On the top of the Fujifilm X-A20 is a mode dial which features the different exposure options available. This includes a range of automatic and scene position options, as well as full manual and semi-automatic (aperture priority and shutter priority) modes for those who want to make more advanced changes.

Also on the top of the camera is the on/off switch, which surrounds the camera’s shutter release. Next to that is a reasonably large, unmarked dial which controls different functions depending on what you’re doing with the camera.

Fujifilm X-A20

For example, if you’re in the aperture priority (A) shooting mode, it alters exposure compensation, but if you’re in the manual (M) shooting mode, it adjusts the shutter speed. It can also be used in playback to scroll through your images.

A small, customisable function button is found just in front of that unmarked dial. You can assign a variety of functions to this button, depending on what you see fit. By default, it controls the ISO in shooting mode, and accesses the Wi-Fi settings in playback.

The Fujifilm X-A20’s inbuilt flash is housed on the top of the camera, with a switch at the side to raise it. Because of its position, if you’re using a longer zoom lens, especially with the lens hood fitted, you may find that a shadow is cast on your images.

Fujifilm X-A20

You can help to reduce that unwanted effect in the final image by zooming in to the subject, and removing the lens hood.

Flip to the back of the Fujifilm X-A20 and you’ll find a tilting LCD screen. This can face all the way forwards, and pulls out from its hinges so you can have a clear view of the whole screen. It’s ideal for selfies, and the view flips over to be the right way up when facing forward.

When you face the screen forward, face detection automatically switches on and the focusing will look for faces and eyes. As previously discussed, the screen is now touch-sensitive, which is a great addition that helps to make this camera well-suited to selfies and vlogging.

Fujifilm X-A20

All of the X-A20’s key controls can be found on the right hand side of the camera, which makes it simple to change settings when holding the camera one-handed.

There’s a small scrolling dial found just above the thumb rest, which like the larger dial on top of the camera changes function depending on what you’re doing. In aperture priority, it allows you to change the aperture. It’s very unusual to find two control dials on such an inexpensive camera, so kudos to Fujifilm for including both.

Underneath this dial we have a fairly familiar set up. There’s a four way navigational pad, with each of the buttons having a specific function assigned to it.

Fujifilm X-A20

Down controls drive mode, left activates the self-timer, right controls white balance, while up is used to access changing the AF point.

You may need to do this since there’s no joystick to give you direct control over AF point, as on the more expensive models, although the new touchscreen functionality mostly alleviates the need to use the slower button-driven method.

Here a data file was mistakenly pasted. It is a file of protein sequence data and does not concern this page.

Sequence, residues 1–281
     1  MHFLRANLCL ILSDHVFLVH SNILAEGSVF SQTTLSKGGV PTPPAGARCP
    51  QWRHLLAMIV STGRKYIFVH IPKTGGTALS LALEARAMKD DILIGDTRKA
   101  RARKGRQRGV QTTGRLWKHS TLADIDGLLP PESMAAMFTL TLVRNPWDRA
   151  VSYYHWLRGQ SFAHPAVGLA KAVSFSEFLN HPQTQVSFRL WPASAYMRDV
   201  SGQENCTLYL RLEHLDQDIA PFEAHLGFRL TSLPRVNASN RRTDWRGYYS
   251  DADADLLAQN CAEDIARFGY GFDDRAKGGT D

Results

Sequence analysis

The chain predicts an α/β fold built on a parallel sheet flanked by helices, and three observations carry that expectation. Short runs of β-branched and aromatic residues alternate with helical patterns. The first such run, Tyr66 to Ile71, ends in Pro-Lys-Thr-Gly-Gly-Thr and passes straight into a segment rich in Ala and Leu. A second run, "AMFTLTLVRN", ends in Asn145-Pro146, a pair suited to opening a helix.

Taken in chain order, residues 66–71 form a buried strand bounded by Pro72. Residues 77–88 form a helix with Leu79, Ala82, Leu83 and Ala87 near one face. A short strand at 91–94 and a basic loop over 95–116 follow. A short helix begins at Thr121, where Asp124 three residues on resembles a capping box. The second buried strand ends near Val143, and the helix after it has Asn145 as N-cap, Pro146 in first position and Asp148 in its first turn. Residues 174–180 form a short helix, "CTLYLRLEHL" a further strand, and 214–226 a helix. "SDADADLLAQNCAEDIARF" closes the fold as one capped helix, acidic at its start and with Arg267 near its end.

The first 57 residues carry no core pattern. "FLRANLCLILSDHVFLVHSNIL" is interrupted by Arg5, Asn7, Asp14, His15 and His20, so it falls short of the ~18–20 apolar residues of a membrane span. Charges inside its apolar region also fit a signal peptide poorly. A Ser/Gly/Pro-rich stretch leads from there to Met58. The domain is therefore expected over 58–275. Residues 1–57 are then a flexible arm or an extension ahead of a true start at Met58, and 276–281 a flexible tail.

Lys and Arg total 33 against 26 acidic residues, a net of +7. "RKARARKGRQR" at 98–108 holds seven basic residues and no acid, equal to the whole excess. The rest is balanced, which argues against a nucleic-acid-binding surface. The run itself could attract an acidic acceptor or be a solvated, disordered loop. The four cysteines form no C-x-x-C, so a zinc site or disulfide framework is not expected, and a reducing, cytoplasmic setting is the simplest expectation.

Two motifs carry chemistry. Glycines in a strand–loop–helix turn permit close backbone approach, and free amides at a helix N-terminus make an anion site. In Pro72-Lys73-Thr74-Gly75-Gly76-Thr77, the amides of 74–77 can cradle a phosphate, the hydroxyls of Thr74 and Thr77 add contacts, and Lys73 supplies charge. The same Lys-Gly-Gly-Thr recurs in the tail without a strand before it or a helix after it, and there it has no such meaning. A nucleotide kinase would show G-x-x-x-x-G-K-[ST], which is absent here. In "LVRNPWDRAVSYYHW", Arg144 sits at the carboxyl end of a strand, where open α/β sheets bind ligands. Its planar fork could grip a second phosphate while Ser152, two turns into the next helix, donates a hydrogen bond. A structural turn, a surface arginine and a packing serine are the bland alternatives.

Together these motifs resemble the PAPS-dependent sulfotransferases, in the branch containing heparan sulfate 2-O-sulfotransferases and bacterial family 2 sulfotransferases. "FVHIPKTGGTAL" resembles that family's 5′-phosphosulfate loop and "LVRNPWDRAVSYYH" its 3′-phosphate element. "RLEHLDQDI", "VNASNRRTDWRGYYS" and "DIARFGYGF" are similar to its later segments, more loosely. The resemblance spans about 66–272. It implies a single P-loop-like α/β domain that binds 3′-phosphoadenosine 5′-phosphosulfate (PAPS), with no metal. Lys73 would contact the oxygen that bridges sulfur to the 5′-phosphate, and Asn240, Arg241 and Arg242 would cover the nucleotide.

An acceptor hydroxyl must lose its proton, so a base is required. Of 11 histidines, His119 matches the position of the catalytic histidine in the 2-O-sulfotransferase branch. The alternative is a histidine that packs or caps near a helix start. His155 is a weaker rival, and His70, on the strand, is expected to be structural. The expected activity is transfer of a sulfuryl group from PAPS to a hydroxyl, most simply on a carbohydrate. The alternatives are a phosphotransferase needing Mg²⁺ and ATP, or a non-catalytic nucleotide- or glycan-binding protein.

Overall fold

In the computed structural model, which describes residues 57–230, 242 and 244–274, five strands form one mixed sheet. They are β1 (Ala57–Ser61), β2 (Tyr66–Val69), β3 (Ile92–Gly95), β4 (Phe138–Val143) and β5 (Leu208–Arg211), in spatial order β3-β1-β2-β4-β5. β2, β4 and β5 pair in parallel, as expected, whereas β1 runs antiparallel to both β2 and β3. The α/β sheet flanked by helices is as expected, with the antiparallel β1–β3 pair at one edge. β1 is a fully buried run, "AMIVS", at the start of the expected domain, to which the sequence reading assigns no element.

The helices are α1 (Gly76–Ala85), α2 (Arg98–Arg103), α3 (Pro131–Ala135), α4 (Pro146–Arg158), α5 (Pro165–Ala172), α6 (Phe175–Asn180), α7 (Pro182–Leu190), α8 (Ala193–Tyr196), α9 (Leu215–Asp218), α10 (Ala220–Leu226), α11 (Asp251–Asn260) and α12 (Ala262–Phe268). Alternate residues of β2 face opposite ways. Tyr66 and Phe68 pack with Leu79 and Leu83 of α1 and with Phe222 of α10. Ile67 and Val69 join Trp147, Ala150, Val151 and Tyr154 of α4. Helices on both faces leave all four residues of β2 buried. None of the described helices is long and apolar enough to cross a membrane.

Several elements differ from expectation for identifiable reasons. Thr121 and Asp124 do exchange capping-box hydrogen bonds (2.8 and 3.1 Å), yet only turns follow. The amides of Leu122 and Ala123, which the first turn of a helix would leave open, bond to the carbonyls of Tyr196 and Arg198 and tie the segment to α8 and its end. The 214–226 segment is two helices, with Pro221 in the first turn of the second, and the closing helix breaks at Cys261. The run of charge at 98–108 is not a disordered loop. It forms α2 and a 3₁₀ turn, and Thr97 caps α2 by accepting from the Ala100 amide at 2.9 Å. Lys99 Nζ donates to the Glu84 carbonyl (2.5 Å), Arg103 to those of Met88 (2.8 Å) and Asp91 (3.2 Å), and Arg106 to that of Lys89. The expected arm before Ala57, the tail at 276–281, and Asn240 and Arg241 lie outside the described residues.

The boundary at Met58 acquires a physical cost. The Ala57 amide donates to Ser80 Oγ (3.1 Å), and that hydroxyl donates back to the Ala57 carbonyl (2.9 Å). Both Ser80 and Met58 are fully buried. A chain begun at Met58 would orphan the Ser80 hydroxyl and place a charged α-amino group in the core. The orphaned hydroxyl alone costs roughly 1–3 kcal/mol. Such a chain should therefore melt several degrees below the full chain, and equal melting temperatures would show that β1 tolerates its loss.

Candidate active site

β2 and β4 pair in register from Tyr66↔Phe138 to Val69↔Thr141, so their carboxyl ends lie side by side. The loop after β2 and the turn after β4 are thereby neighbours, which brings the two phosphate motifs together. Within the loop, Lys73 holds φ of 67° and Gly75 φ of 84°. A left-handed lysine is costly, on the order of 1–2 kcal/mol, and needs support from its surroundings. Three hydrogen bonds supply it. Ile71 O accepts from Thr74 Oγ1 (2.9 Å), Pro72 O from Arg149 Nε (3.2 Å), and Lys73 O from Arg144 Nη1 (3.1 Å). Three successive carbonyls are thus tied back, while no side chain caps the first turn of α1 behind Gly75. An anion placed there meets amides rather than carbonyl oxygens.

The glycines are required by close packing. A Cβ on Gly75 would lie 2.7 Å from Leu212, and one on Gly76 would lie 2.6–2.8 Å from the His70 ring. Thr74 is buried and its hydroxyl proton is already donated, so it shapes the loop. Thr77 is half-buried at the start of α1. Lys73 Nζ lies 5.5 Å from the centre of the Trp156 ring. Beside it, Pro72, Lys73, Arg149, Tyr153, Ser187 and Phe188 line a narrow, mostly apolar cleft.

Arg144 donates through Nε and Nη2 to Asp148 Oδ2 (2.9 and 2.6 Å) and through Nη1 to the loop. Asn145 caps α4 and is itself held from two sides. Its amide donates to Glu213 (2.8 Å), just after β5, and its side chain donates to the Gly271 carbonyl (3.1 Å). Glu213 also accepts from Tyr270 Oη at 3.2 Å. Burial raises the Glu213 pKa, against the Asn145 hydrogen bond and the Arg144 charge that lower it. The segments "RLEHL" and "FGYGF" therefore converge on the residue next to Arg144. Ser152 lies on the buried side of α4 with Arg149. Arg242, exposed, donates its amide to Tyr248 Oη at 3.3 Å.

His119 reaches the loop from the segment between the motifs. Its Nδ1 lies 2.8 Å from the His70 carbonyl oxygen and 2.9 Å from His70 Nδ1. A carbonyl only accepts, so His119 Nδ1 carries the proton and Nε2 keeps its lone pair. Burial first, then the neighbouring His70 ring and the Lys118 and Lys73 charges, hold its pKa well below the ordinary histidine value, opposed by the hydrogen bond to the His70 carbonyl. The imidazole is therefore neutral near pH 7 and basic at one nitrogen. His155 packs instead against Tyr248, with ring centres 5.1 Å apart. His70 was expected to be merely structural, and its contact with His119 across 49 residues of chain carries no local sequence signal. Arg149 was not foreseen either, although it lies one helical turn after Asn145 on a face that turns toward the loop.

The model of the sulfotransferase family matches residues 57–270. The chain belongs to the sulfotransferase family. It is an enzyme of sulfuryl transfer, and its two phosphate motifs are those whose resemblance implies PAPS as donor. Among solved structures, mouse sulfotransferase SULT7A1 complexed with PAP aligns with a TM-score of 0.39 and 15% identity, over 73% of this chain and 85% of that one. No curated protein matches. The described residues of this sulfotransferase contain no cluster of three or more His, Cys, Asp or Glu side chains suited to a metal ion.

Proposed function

In the middle of the four-way pad is a menu button for accessing the camera’s main menu system, which is relatively uncomplicated and easy to navigate.

Fujifilm X-A20

The Q button gives you quick access to a range of commonly used settings, saving you having to delve into the main menu. Here you’ll find options such as ISO, film simulation, image quality and more.

You can customise this menu to add or remove functions as you see which, depending on what you use most or use least.

The final three buttons are a playback button, a video record button and a display button. Note that these buttons, along with the Q button, are a little too recessed and therefore quite difficult to press and activate.

Fujifilm X-A20

On the right-hand side of the Fujifilm X-A20, looking from the back, are mini HDMI and micro USB ports.

The battery is charged in-camera, via the micro USB cable which is supplied in the box. The battery and memory card slot are found in the bottom of the camera, guarded by a hinged door.

Inbuilt Wi-Fi is included for the Fujifilm X-A20, with a free companion app for Android and iOS. The camera connects very quickly with a phone, and the app is extremely easy and quick to use.

Fujifilm X-A20

You can transfer shots over to your phone for quick sharing online, as well as take control of some key functions – that could make it useful for group shots and so on.

Note that there is no Bluetooth connectivity on this camera – you’d need to step-up to the X-A5 to get that feature.

Autofocusing speeds are acceptably quick when using the Fujifilm X-A20 in bright light.

Fujifilm X-A20

In lower light conditions, the camera takes longer to acquire focus as it uses a contract-based rather than phase-detect AF system, but on a more positive note it’s extremely rare for a false confirmation of focus to be displayed.

The more expensive X-A5 model has Hybrid Autofocus (phase and contrast detection), making it generally quicker (twice as fast, according to Fujifilm) and more reliable for moving subjects than the contrast detection AF system used by the X-A20.

Image Quality

All of the sample images in this review were taken using the 24 megapixel Fine JPEG setting, which gives an average image size of around 8Mb.